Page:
Compared to the coal industry, the scale of the transition required for a decarbonisation of the transport sector and its impacts on the automobile industry is much greater
Agriculture is another sector that will undergo a massive transformation.
Some subsectors might be hit particularly hard. Various studies that have looked into the climate impact of farming and livestock have concluded that a 50% reduction in livestock capacities will be necessary for farming to help achieve existing climate goals for 2030 and 2050.
In fact, the RISE foundation identified a safe operating space for livestock and found that in order to reach EU climate targets, livestock in the EU needs to be reduced by 74% in 2050.⁷
Growing income inequality in Europe also needs to be factored in.
There is a correlation between income levels and carbon footprint.⁸ Environmental taxes have to be designed to ensure behavioural change amongst the top income group as well as to minimise impacts on income and asset inequality.
Conversely, tax reform as a key policy instrument for redressing social inequalities⁹ needs to factor in the environmental considerations, not least because of the links between the exploitation of natural resources and fiscal evasion, money laundering and corruption.
Social transfers also need to be taken into account. The changing nature of work – due to technological change, as well as ageing – and the crisis of classic retirement models will make the issue of the new entitlements, such as the universal basic income, a key debate for the next period. Ensuring their design contributes, rather than hinders, sustainability will be important.
Generational equity is a key topic for Europe’s sustainability transition. The EU's current economic model tends to disadvantage the youth.
In Europe, people under 24 are the most at risk of severe material deprivation
In Europe, people under 24 are the most at risk of severe material deprivation. Due to higher rates of unemployment and the stagnation of workers’ income, the income of young people has only recently reached pre-crisis levels while people aged 65 or more registered a 10% increase in their income.¹⁰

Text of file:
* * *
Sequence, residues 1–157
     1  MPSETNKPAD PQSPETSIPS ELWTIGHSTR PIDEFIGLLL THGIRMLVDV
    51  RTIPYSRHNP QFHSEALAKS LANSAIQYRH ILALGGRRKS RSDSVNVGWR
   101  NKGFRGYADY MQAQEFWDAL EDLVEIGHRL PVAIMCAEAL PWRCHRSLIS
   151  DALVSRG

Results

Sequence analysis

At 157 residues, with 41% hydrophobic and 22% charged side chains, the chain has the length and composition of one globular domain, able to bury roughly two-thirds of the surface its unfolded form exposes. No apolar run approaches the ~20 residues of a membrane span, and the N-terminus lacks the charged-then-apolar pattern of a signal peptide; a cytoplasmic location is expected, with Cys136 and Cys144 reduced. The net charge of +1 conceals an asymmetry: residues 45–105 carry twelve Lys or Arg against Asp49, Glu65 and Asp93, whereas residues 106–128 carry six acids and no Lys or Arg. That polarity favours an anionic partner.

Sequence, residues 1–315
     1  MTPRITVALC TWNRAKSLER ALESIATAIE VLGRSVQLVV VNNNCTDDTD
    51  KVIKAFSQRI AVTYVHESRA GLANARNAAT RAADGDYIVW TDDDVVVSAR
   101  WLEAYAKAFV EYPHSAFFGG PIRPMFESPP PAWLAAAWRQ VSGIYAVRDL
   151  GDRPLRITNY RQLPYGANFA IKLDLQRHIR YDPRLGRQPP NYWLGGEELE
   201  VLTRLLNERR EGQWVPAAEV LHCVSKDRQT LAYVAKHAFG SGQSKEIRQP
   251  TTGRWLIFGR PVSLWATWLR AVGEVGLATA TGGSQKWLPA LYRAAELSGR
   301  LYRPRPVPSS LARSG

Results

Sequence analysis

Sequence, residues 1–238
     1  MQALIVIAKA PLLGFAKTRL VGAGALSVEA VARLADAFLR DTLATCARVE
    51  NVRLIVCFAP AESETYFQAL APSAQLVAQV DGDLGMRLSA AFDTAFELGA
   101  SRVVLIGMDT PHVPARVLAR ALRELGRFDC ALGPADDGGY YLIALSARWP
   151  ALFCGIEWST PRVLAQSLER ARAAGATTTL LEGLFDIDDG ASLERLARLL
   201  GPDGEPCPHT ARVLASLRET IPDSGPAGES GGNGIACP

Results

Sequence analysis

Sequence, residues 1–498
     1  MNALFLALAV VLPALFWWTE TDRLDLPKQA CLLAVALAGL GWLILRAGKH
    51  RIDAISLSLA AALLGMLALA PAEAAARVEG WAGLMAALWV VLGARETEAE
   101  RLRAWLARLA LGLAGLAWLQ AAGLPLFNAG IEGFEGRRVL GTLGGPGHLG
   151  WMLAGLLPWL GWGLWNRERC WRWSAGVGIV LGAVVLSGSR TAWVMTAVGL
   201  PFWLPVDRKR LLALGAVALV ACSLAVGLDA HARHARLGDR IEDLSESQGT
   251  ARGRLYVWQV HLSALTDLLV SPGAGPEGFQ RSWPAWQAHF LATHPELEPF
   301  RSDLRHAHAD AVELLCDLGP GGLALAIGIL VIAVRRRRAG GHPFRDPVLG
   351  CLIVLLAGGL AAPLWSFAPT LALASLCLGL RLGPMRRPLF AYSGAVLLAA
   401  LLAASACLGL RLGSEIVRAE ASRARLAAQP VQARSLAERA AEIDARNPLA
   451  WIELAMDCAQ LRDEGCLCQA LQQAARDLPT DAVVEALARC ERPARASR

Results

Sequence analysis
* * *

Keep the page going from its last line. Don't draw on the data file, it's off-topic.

Correspondingly, there seems to be a correlation between age and carbon footprint, not only because many older people simply have more money to spend, but also because they tend to use less energy-efficient products.¹¹ Moreover, environmental degradation, depletion of resources and climate change will also have disproportionate impacts on those who will live through to 2100.
The consequences of an ageing population also need to be better understood. With the percentage of the population over 65 reaching close to 30%,¹² there will be implications not only for resource allocation, employment and environmental footprint, for example in health care but also for gender equality due to the unequal burden of care.
Scenarios that foresee the use of robots and machines to take care of the elderly or children could be hard to square with the need for less consumption of energy and materials overall. Greening of the care economy might, therefore, become a greater priority.
Not all citizens place the same burden on the environment, and policy development needs to reflect this appropriately.
Should the ‘polluter pays’ principle apply more systematically at the household level for example?
A report by the International Institute for Environment and Development (IIED) found per capita greenhouse gas emissions for a Londoner in 2004 were the equivalent of 6.2 tonnes of CO2, compared with 11.19 for the UK average.¹³
The rural northeast of England, Yorkshire and the Humber, were singled out for having the highest footprints per capita in the UK. At the same time, however, rural populations often play an important role in providing ecosystem services.
Globally, 67% of people will be living in cities by 2050. In Europe, the rate of urbanisation is expected to reach 80%.¹⁴